People who answer opinion polls at CNN ke They are "selected" by their behavior, their ancestry, their life histories, or other circumstances. Such groups are not random samples and should not be considered representative of larger populations. When researchers gather data from a naturally occuring group (any singers, politicians, people who live in mountains, people who eat healthy foods, people who take a particular medicine, whatever) the result is a self-selected sample. Any variable that correlates with group membership could explain observed characteristics of such a group. Here are some examples.

When a group is described by observational data, what sorts of variables might explain the patterns?

Example #1: Defining a group based on what they consume. Suppose you are a student majoring in public health. For a class project, you decide to examine the effects of a common herbal remedy for joint pain: a combination of glucosamine and chondritin. You devise a questionnaire asking people (selected randomly from a telephone book) about vitamins and supplements they take daily. Sure enough, 13% of your sample takes glucosamine/chondritin supplements.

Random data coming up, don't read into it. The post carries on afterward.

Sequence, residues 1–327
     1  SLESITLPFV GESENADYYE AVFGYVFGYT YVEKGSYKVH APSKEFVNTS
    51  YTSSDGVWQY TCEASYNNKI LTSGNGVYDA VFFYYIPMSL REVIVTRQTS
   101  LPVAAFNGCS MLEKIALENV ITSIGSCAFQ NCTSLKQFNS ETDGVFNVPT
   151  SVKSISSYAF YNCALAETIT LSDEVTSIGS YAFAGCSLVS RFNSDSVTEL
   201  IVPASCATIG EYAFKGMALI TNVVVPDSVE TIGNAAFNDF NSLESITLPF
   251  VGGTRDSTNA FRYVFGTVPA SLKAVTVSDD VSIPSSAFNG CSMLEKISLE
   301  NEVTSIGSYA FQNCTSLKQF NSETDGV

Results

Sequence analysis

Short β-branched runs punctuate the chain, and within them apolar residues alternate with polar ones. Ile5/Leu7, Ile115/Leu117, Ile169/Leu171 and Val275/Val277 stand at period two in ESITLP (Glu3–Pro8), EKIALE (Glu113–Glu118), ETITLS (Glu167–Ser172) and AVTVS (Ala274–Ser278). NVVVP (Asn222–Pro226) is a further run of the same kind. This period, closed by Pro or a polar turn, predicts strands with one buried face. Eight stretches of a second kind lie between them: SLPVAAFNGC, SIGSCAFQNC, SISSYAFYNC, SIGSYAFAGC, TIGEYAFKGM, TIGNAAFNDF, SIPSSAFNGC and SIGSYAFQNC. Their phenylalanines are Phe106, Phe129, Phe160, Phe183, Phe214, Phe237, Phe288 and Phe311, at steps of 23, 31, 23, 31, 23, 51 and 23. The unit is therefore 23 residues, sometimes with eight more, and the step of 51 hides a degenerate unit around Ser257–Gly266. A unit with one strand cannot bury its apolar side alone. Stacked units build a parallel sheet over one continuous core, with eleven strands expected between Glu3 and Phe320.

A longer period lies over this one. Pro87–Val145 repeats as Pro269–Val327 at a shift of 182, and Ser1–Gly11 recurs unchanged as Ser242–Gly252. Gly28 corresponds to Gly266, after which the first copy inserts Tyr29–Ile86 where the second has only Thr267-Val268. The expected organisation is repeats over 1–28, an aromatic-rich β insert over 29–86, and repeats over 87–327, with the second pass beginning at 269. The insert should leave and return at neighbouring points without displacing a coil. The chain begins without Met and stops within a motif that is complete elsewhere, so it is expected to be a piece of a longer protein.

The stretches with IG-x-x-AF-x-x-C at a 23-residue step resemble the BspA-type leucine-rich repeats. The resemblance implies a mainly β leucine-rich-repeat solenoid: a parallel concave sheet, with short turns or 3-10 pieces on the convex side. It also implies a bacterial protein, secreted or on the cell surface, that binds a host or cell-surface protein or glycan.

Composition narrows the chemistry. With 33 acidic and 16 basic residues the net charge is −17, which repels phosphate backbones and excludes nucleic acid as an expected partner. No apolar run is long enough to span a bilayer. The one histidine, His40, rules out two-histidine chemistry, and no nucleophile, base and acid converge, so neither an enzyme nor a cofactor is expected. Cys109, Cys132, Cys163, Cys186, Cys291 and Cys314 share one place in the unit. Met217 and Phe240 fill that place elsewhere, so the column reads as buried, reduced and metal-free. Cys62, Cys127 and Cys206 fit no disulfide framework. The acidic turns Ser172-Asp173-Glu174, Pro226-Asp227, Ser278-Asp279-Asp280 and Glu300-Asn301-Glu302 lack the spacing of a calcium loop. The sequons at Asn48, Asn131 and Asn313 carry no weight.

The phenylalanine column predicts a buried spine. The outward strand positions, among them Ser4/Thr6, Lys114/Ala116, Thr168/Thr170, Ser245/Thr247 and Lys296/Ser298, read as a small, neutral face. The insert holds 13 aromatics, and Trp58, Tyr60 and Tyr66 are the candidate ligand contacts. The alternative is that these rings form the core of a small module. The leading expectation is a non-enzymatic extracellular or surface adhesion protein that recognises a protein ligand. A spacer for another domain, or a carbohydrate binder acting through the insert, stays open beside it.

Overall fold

You examine the data from this group and your heart jumps, because you see some alarming patterns. This group is less healthy than average! Before you jump to any conclusions, however, you remember your introductory psychology class and the concept of self-selection, so you think about what factors may correlate with the decision to take this health supplement. Then you realize several things...

  1. This group elected to take nutritional supplements; they may have felt that something was wrong with them. The group may also include more health-conscious hypochondriacs who tend to complain about bodily symptoms.
  2. This group selected glucosamine/chondritin, which has a reputation for helping joint pain. They are likely to have joint pain already, so more people in this group might have arthritis.
  3. Older people tend to be more health-conscious, so a group of people taking glucosamine/chondritin might be older than a random sample of the population.
  4. This group purchased a supplement that has been "debunked" or disproven several times by reputable medical studies. Maybe they are less educated or less informed than most people. [And we could go on...]

In fact, we could go on, and on, and on. The number of distinctive characteristics of this group is limited only by your imagination. Any "alarming patterns" you see in your data might not be due to glucosamine and chondritin themselves; they might be due to one of the factors above or some other factor you did not consider.